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The United States Environmental Protection Agency has announced major changes to its 23 year old Worker Protection Standards. This is vital information for all farmers and farmer works. 

Please read and understand these new health saving measures.
These revisions to the 1992 Agricultural Worker Protection Standard will afford farm workers similar health protections that are already afforded to workers in other industries.

Heartland Cooperative wants all its members, patrons and employees to be safe on the job.
What are the Major Changes for Farmers and Farm Workers?

  •   The revisions to the Worker Protection Standard cover many different areas. The major revisions include:
  •   Annual mandatory training to inform farm-workers on the required protections afforded to them. Currently, training is only once every 5 years.
  •   Expanded training includes instructions to reduce take-home exposure from pesticides on work clothing and other safety topics.
  •   First-time ever minimum age requirement: Children under 18 are prohibited from handling pesticides.
  •   Expanded mandatory posting of no-entry signs for the most hazardous pesticides. The signs prohibit entry into pesticide-treated fields until residues decline to a safe level.
  •   New no-entry application-exclusion zones up to 100 feet surrounding pesticide application equipment will protect workers and others from exposure to pesticide over spray.
  •   Requirement to provide more than one way for farm-workers and their representatives to gain access to pesticide application information and safety data sheets – centrally-posted, or by requesting records.
  •   Mandatory record-keeping to improve states’ ability to follow up on pesticide violations and enforce compliance. Records of application-specific pesticide information, as well as farm-worker training, must be kept for two years.
  •   Anti-retaliation provisions are comparable to Department of Labor’s (DOL).
  •   Changes in personal protective equipment will be consistent with DOL’s standards for ensuring respirators are effective, including fit test, medical evaluation and training.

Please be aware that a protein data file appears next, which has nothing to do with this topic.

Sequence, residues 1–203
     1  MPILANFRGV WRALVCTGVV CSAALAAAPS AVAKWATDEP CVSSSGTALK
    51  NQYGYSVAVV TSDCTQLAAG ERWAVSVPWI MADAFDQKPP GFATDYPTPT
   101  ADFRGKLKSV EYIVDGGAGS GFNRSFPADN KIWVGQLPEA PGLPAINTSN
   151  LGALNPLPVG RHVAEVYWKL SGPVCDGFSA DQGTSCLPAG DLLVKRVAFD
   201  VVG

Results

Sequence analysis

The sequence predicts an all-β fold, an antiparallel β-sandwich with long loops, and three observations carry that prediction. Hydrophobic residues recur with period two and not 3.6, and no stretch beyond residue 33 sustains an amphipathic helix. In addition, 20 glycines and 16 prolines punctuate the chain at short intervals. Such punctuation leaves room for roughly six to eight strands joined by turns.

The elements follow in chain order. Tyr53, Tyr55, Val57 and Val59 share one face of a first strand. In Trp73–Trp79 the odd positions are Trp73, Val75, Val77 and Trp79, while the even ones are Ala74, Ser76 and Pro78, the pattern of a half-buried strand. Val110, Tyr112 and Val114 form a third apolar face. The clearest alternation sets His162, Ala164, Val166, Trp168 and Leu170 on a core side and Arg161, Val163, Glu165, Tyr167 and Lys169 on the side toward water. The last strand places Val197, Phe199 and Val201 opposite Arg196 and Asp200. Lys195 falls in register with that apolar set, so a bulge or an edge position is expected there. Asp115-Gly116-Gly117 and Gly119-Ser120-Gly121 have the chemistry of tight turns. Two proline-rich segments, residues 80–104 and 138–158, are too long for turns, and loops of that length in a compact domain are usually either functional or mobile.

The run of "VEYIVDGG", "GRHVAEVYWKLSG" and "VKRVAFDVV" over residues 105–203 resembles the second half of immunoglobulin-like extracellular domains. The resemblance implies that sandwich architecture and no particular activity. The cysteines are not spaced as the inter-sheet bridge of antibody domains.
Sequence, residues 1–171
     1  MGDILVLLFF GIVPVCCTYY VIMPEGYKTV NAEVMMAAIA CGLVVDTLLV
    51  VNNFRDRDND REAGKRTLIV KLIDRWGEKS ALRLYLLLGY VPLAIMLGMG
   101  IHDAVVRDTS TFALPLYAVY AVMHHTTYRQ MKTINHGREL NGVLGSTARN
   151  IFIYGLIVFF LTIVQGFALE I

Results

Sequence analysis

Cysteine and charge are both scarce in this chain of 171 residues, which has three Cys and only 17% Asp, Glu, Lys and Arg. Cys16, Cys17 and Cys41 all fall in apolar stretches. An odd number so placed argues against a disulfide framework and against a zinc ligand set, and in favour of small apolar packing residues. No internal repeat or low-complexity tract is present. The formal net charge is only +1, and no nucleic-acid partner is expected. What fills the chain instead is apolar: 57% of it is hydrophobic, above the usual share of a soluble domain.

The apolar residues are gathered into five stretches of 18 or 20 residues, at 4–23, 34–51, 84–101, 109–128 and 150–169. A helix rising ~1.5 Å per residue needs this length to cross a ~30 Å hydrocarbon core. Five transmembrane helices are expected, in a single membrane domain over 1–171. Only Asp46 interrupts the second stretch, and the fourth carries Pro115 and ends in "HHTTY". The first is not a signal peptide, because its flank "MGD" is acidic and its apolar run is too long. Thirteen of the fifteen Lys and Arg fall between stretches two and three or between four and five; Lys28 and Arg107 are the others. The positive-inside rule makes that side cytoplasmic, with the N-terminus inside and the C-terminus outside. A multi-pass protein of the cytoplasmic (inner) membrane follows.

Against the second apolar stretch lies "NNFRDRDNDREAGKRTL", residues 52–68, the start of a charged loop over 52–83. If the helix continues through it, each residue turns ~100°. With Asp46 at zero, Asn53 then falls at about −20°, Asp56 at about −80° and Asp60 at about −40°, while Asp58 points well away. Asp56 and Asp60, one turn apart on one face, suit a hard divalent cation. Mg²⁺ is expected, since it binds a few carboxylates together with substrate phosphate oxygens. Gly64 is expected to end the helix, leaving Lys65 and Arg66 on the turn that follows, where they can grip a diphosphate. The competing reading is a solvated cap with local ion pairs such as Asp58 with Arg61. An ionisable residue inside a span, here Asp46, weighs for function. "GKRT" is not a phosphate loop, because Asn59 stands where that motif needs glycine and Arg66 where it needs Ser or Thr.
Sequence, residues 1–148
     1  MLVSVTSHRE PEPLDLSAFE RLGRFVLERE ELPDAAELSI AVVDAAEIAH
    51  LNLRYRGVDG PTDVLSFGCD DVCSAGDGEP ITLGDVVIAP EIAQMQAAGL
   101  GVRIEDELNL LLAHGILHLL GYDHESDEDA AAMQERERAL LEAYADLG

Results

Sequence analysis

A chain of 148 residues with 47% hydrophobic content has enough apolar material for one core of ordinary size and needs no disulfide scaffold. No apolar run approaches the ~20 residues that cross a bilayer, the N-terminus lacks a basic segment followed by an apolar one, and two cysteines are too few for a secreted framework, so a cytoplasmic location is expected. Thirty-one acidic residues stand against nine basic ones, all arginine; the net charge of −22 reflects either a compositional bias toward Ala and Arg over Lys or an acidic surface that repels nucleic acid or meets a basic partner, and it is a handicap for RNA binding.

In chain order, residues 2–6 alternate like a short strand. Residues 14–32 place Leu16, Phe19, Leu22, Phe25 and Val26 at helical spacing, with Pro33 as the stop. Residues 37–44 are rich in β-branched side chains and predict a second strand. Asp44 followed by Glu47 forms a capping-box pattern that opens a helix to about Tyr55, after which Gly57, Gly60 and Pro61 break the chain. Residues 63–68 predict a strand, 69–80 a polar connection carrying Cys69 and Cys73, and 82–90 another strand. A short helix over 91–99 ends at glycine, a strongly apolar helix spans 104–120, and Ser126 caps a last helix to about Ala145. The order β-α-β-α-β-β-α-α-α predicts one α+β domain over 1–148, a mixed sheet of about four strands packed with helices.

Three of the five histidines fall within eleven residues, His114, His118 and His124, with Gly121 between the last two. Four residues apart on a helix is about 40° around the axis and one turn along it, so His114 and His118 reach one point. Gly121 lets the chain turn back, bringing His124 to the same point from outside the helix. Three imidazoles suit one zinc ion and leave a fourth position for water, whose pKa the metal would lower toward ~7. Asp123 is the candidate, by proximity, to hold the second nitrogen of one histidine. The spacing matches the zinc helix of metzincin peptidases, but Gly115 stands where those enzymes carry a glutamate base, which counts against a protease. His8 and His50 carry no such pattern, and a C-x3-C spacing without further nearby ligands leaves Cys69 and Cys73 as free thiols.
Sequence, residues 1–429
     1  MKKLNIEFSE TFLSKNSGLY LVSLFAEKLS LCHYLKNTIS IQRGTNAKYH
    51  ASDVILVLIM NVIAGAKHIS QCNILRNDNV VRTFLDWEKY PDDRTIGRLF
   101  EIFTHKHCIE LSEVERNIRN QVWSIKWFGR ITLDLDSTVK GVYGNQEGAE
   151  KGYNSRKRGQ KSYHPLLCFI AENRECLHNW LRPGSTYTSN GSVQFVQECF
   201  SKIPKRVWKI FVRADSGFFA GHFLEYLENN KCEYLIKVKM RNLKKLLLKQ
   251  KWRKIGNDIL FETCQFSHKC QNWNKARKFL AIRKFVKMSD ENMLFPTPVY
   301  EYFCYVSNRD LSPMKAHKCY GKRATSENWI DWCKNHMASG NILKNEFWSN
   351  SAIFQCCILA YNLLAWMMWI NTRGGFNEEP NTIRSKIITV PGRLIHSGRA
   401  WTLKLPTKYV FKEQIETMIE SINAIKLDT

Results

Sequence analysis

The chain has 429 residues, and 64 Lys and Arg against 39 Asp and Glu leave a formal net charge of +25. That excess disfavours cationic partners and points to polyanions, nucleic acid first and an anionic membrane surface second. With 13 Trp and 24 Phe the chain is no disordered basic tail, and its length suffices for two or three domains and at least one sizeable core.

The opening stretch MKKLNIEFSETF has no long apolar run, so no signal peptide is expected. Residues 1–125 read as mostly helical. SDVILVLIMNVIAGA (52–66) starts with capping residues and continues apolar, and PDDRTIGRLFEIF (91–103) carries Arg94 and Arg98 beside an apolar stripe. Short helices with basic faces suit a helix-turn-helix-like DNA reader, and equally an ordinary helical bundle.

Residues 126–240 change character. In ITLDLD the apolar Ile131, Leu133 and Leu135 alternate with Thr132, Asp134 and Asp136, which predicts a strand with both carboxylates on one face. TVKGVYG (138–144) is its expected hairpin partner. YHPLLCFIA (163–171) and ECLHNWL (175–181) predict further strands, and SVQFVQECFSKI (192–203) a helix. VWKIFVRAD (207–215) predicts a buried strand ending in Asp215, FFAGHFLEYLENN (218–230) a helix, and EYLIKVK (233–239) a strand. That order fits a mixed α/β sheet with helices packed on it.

•   Specific amounts of water to be used for routine washing, emergency eye flushing and other decontamination, including eye wash systems for handlers at pesticide mixing/loading sites.
  •   Continue the exemption for farm owners and their immediate families with an expanded definition of immediate family.


What Will These Changes Achieve?

There is a clear need for better protection for farm workers. Each year, between 1,800 and 3,000 occupational incidents involving pesticide exposure are reported from the farms, forests, nurseries and greenhouses covered by the Worker Protection Standard. There is widespread under-reporting.

By better protecting our agricultural workers, the agency anticipates fewer pesticide exposure incidents among farm workers and their family members. Fewer incidents means a healthier workforce and avoiding lost wages, medical bills, and absences from work and school. In addition, EPA is concerned about low level, repeated exposure to pesticides that may contribute to chronic illness.

What Types of Activities are Covered?

The regulation seeks to protect and reduce the risks of injury or illness resulting from agricultural workers’ (those who perform hand-labor tasks in pesticide-treated crops, such as harvesting, thinning, pruning) and pesticide handlers’ (those who mix, load and apply pesticides) use and contact with pesticides on farms, forests, nurseries and greenhouses. The regulation does not cover persons working with livestock.

When Will These Changes Take Place?

The majority of the rule revisions will be effective approximately 14 months after the rule publishes in the Federal Register. This will give farmers and states time to adjust to the new requirements, as well as time for EPA and states to develop updated materials for training and other purposes. EPA will have an official effective date once the rule publishes in the federal register.

To better understand the difference between the new changes and the old regulations download and print this PDF